Texas’ chief elections administrator claims sovereign immunity bars the two lawsuits against her taking aim at the state’s voter registration and early voting rules.
(CN) — Texas’ secretary of state asked a Fifth Circuit panel Thursday to dismiss two voting rights lawsuits from the Texas Democratic Party, one challenging voter registration rules and the other a law Democrats say was passed to disenfranchise left-leaning college students by placing restrictions on temporary polling places.
Days before the state’s voter registration deadline for the 2018 midterm elections, then-Texas Secretary of State Rolando Pablos issued a press release telling voters online registration is not allowed in Texas, and advising counties applications submitted through a cellphone app created by the advocacy group Vote.org were not complete because they contained digital signatures.
Following Pablos’ guidance, county registrars notified 2,400 would-be voters their applications had been rejected as incomplete.
After Texas Governor Greg Abbott appointed fellow Republican Ruth Hughs as secretary of state, the Texas Democratic Party sued her in San Antonio federal court in January 2020, claiming the state’s “wet-signature rule” requiring a hand signature on a physical document is unconstitutional.
U.S. District Judge Orlando Garcia, a Bill Clinton appointee, refused to dismiss the lawsuit. So Hughs appealed to the New Orleans-based Fifth Circuit, seeking dismissal based on sovereign immunity.
Under U.S. Supreme Court doctrine established by its 1909 decision in Ex Parte Young, for a litigant to defeat the sovereign immunity state officials enjoy under the 11th Amendment they have to prove an ongoing violation of federal law and establish the official has some connection to the state’s enforcement of the challenged conduct.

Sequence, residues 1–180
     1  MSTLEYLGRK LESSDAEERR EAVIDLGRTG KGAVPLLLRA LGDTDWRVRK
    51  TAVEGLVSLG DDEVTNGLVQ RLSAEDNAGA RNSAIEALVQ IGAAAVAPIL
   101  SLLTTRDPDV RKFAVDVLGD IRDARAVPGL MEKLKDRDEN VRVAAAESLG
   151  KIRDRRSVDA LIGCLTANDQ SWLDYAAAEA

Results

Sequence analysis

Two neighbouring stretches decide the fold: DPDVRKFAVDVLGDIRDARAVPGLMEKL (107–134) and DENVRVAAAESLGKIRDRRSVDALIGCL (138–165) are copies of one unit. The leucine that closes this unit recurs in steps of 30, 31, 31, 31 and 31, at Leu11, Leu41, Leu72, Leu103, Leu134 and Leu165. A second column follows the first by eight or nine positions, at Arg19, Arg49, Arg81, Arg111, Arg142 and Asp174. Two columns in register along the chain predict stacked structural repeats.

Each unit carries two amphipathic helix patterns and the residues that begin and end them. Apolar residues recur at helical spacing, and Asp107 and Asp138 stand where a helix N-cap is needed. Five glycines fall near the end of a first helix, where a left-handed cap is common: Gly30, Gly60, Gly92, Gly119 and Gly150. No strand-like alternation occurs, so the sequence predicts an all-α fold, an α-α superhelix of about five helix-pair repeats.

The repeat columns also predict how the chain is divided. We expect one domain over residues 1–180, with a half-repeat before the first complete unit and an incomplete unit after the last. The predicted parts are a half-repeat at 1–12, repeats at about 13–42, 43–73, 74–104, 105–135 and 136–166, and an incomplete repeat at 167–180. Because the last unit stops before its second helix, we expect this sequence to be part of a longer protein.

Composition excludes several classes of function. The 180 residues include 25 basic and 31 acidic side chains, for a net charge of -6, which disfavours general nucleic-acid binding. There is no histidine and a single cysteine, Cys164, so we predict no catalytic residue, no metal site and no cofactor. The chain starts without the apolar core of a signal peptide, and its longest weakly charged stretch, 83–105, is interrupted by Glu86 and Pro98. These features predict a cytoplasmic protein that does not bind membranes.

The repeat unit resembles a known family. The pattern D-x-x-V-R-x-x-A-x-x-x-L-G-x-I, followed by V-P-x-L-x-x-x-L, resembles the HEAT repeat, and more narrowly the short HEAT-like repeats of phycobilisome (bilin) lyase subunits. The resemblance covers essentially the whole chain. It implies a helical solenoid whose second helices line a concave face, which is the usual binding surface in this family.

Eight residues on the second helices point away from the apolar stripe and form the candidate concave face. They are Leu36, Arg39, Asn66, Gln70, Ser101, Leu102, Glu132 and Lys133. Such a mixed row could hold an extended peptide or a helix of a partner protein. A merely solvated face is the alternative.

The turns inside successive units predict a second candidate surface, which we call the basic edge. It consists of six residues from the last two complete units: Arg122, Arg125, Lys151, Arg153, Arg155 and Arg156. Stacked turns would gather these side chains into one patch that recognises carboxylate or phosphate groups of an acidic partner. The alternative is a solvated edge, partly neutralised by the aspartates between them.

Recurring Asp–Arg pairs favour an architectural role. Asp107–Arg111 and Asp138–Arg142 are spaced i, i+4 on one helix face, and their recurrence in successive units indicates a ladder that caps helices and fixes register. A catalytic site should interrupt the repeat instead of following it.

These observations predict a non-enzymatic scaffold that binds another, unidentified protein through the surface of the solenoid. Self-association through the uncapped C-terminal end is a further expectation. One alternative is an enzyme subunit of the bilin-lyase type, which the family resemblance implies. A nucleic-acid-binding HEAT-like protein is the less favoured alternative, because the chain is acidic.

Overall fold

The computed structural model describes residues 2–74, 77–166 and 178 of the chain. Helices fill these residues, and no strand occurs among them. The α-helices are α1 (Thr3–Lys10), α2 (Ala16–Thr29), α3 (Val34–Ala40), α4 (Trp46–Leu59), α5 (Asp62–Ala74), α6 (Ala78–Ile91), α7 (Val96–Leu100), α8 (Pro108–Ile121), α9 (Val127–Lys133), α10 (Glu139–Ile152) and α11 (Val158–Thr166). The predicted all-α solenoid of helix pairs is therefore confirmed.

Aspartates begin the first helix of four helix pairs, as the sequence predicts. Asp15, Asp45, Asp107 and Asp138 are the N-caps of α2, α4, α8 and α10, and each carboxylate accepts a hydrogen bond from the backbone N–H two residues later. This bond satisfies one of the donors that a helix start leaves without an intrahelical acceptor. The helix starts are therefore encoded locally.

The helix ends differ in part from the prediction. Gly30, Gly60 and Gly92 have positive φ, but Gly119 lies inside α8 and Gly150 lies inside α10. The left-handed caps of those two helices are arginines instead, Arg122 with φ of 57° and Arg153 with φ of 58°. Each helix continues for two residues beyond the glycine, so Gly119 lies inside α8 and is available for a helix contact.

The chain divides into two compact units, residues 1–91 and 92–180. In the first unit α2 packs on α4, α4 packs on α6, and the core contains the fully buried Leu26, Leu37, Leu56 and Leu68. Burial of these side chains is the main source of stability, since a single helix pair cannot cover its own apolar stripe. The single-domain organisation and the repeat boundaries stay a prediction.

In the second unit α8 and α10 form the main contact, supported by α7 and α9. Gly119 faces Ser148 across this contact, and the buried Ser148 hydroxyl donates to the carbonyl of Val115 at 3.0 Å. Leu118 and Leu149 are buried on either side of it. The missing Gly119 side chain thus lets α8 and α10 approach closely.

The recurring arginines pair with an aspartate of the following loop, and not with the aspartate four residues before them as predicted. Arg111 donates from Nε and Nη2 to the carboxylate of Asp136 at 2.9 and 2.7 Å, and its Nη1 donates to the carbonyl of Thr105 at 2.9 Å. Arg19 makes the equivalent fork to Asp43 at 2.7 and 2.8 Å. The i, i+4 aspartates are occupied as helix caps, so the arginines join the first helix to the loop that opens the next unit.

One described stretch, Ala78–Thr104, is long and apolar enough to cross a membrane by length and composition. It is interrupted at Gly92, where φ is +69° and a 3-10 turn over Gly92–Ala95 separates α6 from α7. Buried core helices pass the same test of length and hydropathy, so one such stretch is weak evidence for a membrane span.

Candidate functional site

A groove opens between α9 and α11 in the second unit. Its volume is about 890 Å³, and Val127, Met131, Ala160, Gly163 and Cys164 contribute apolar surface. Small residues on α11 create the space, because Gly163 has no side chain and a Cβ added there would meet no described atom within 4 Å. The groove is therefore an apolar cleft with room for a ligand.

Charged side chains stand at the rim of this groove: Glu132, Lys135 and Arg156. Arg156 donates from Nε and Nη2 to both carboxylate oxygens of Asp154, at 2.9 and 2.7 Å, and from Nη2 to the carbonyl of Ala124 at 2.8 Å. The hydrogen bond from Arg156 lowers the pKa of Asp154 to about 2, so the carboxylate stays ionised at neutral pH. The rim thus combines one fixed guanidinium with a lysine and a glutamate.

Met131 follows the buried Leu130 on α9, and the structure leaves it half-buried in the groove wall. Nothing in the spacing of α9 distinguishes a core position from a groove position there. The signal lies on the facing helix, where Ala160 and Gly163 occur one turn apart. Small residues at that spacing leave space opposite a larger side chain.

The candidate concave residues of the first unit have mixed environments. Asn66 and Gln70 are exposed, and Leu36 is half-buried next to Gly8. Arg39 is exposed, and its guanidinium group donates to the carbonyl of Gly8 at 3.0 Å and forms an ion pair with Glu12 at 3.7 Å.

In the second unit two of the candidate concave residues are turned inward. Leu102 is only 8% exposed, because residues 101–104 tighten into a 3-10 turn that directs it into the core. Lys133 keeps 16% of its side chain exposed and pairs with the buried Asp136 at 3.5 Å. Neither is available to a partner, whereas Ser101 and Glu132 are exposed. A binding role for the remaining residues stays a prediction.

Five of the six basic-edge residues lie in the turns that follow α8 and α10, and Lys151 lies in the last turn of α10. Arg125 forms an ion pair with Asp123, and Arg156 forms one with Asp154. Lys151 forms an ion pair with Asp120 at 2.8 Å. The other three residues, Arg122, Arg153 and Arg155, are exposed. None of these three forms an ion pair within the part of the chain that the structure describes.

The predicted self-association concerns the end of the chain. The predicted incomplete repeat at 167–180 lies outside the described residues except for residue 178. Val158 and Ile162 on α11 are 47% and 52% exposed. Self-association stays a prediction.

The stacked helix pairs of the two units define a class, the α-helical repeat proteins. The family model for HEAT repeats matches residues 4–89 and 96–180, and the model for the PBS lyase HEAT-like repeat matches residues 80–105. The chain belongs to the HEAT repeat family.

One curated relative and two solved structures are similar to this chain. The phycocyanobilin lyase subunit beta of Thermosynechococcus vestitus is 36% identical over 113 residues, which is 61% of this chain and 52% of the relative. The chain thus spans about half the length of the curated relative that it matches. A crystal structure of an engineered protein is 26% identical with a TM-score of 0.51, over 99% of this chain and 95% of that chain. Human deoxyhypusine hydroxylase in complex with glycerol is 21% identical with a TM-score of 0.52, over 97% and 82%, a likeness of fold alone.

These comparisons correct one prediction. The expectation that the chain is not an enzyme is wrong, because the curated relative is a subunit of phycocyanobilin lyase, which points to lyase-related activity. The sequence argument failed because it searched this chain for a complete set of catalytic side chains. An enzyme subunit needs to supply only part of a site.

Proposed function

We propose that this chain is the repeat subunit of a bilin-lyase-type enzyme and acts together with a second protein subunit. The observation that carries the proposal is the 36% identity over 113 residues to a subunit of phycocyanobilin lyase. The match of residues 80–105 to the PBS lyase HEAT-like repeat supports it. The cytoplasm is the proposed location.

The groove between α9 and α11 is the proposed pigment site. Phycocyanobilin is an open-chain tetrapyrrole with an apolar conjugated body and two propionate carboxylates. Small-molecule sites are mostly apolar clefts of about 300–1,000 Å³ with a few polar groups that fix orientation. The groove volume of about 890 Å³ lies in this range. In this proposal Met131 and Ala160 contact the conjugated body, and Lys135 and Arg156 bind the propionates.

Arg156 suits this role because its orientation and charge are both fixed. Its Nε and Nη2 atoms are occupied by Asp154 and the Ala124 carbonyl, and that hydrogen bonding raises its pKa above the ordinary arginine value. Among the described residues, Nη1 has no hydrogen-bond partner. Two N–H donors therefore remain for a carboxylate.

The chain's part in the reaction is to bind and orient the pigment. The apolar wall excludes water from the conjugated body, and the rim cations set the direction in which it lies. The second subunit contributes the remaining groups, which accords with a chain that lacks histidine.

Hughs claims she has sovereign immunity because the Texas Democratic Party is taking issue with part of the Texas Election Code that county voter registrars enforce.
Besides, Hughs says, there is no wet-signature rule.
Texas Deputy Solicitor General Matthew Frederick pressed that point in a virtual hearing Thursday before a three-judge panel of the Fifth Circuit.
He said Pablos’ press release warning off county registrars from accepting voter-registration forms with digital signatures does not purport to announce a rule and does not say anything about wet signatures.
U.S. Circuit Judge Catharina Haynes, a George W. Bush appointee, asked Frederick why Hughs does not moot the case by simply stating she is not following the press release.
“So what you are saying is voter registrars can accept online registration,” Haynes said. “So this case is kind of irrelevant because they can accept it. That doesn’t seem consistent with what the prior secretary of state said and this one seems to be living with or she would have withdrawn it.”
Frederick conceded the statute is silent on the signature question, but he said he does not agree registrars can accept online registrations. “I think the fact is Texas does not provide for online voter registration,” he said. “But the point relevant to the question here is that the secretary’s press release didn’t bind anyone. It was merely advice.”
“If she can’t stop them, why don’t they just go back to accepting online voter registration?” Haynes countered. “It’s not allowed but no one can do anything about it, that’s what you are essentially saying.”
Frederick said the main point is voter registration is handled by county registrars and that’s all that needs to be established to dismiss the case on sovereign immunity grounds.
Representing the Texas Democratic Party, Uzoma Nkwonta, with the Washington office of Perkins Coie, said the former secretary did not limit himself to issuing a press release, he also told county registrars not to accept applications with digital signatures and asked them to tell voters their applications were incomplete.
“Because of that, [Hughs] is directly connected to enforcement of the wet-signature rule. Whether the wet-signature rule arises from her instructions alone or whether it’s mandated by Texas law,” Nkwonta said.